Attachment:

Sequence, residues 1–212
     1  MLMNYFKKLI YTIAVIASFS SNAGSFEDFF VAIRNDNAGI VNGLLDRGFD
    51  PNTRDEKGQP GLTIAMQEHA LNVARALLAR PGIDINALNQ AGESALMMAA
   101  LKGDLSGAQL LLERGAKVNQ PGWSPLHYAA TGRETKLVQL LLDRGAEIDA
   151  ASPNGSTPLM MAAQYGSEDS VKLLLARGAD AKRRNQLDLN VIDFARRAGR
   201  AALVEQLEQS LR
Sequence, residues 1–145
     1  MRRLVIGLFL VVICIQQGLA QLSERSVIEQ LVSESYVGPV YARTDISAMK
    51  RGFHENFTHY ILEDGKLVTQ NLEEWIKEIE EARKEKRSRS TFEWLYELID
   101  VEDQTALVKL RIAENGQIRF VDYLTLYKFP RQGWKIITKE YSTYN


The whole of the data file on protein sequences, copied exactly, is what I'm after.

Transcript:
Sequence, residues 1–212
     1  MLMNYFKKLI YTIAVIASFS SNAGSFEDFF VAIRNDNAGI VNGLLDRGFD
    51  PNTRDEKGQP GLTIAMQEHA LNVARALLAR PGIDINALNQ AGESALMMAA
   101  LKGDLSGAQL LLERGAKVNQ PGWSPLHYAA TGRETKLVQL LLDRGAEIDA
   151  ASPNGSTPLM MAAQYGSEDS VKLLLARGAD AKRRNQLDLN VIDFARRAGR
   201  AALVEQLEQS LR
Sequence, residues 1–145
     1  MRRLVIGLFL VVICIQQGLA QLSERSVIEQ LVSESYVGPV YARTDISAMK
    51  RGFHENFTHY ILEDGKLVTQ NLEEWIKEIE EARKEKRSRS TFEWLYELID
   101  VEDQTALVKL RIAENGQIRF VDYLTLYKFP RQGWKIITKE YSTYN